I am attempting what could well be an impossible task here which is to write about tax policy and the party conferences in a non-party political manner. I own up to being on the right of the political spectrum but hope that those in the centre or on the left will accept that that I have done my best to remove any overt political bias in my remarks below.
I attended both the Labour and Conservative conferences but made very few visits to the main conference hall. Instead, I attended (or spoke at) perhaps a dozen fringe meetings at each conference organised by think tanks, business groups, professional bodies and other lobbying organisations. No one will be surprised that the tax discussions focussed upon the electoral popularity of the measures proposed rather than their tax technical soundness or their impact upon the complexity of UK tax legislation. Very little was said at either conference about corporation tax other than, at both conferences, some vague promises to tackle avoidance by multinational, especially US-owned, corporations (presumably tax avoidance is less unacceptable if implemented by UK-owned SMEs?). Even less was said about VAT, national insurance, capital gains tax, business rates or the ‘sin taxes’ but a little more about inheritance tax and council tax or their perceived wealth tax alternatives.
It is fair to state that Labour might have more wriggle room on tax policy (albeit with a consequential and matching increase in government debt) as they are targeting to eliminate the current annual fiscal deficit (i.e. excluding investment spending) by the end of the next Parliament rather than the Conservative target of eliminating the overall annual fiscal deficit (i.e. including investment spending), The challenge faced by the Conservative focus on income tax cuts (principally the proposal for a £12,500 personal and a £37,500 basic rate tax band) will be convincing the electorate that these can be delivered whilst reducing the fiscal deficit. The Labour challenge on taxation policy will be more focussed upon finessing their tax policies with public spending commitments.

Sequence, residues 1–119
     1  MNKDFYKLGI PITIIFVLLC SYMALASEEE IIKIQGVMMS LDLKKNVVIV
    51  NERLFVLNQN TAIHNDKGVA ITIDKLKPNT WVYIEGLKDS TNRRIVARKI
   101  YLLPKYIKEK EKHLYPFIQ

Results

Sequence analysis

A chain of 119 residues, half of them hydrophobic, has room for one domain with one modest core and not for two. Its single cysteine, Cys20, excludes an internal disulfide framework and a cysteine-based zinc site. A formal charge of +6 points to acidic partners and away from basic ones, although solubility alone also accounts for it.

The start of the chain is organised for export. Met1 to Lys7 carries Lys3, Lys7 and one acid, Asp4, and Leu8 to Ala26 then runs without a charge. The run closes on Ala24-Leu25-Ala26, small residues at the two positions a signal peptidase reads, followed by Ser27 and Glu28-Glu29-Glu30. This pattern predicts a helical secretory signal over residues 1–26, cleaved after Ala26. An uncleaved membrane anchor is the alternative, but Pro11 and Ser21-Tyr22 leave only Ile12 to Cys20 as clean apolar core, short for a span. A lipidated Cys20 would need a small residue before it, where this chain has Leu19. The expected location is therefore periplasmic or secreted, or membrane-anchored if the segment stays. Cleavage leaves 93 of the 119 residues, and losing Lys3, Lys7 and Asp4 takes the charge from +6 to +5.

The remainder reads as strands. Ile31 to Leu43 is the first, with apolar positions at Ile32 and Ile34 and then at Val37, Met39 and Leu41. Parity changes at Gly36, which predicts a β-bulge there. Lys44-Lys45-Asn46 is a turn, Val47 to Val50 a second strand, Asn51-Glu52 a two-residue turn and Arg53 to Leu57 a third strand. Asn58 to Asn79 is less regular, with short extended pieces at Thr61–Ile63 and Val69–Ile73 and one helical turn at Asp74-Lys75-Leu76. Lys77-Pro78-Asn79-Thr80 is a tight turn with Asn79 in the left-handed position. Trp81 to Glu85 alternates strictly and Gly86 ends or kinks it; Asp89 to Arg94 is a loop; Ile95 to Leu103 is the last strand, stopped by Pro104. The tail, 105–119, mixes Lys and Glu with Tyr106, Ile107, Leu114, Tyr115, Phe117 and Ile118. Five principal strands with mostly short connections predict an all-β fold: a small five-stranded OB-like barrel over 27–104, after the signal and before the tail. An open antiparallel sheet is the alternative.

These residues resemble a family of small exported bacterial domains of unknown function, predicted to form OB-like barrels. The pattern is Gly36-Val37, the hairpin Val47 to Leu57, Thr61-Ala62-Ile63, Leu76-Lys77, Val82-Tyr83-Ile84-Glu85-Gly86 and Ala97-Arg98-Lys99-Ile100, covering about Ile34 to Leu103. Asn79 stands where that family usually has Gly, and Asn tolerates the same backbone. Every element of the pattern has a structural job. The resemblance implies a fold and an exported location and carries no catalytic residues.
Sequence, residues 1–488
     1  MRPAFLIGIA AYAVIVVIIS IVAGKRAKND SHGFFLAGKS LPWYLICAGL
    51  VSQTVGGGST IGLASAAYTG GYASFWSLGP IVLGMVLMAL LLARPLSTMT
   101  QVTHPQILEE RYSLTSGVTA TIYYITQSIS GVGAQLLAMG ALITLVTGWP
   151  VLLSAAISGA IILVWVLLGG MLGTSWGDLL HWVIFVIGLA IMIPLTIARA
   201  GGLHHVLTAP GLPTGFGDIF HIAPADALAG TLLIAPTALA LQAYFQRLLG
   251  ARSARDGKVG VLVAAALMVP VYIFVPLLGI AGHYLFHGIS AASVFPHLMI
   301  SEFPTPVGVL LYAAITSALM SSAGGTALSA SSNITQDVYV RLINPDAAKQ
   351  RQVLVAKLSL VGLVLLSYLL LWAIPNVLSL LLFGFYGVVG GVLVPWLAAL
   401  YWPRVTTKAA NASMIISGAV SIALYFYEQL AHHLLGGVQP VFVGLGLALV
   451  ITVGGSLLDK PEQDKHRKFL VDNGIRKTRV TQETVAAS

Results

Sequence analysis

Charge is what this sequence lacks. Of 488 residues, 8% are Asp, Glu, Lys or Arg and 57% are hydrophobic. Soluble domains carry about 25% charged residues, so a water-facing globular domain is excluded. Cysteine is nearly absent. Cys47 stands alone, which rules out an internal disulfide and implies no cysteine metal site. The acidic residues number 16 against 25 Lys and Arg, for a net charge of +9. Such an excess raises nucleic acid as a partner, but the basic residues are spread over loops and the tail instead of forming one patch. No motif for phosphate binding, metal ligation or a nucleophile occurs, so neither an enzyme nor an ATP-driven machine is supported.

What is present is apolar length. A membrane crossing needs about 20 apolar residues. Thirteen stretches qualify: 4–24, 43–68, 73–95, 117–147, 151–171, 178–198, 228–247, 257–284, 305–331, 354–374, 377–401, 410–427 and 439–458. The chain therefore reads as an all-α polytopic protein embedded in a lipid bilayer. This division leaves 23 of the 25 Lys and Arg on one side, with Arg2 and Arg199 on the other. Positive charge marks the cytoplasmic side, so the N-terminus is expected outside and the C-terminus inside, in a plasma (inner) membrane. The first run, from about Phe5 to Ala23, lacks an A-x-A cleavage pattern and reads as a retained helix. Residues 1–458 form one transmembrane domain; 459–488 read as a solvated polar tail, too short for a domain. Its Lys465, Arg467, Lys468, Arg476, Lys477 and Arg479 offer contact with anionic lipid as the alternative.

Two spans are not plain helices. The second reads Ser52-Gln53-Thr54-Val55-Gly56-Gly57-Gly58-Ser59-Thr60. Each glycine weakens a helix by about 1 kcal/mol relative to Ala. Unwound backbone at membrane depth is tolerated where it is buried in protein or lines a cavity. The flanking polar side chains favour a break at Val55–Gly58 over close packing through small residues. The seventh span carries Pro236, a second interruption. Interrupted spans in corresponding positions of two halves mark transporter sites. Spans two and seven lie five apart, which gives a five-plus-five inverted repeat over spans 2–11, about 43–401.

I have spent some time since the conferences thinking about the poor level of traction which tax reforms secure on the political agenda unless there is the perception that they translate into electoral appeal. Whilst it would be extremely naïve to believe that this will not continue be the case, I have suggested below a couple of ideas that might merit further consideration, focussing upon tax simplification.
Firstly, independent forecasters should be asked to maintain an ongoing (‘live’) bible of costings for policy options in the public arena on a fuller basis than HMRC’s existing annual tax ready reckoner (now called ‘The Direct Effects of Illustrative Tax Changes). Areas which come to mind, include the projected collections from the proposed mansion tax as opposed to additional council tax brackets and the tax which would be collected if capital gains tax were to applied to gains at death as opposed to inheritance tax becoming payable.
Secondly, a list of alternative tax cuts and tax increases should be maintained for each level of tax adjustment e.g. if HMG needed to raise (or were able to cut) total taxes by £1m/£2m/£5m/£10m/£25m, it could look at the alternative tax packages to deliver this (including additional reliefs, reliefs repealed and adjustments to tax rates and tax bands).
I consider something along the above lines could facilitate debate about proposed tax reforms, rates and reliefs, noting that the public, the news media (and even tax practitioners!) sometimes fail to appreciate the overall fiscal impact of proposed tax changes as opposed to the impact upon them personally.
Ed’s Note: You can – indeed you should – follow Stephen Herring on twitter at @Stephen_Herring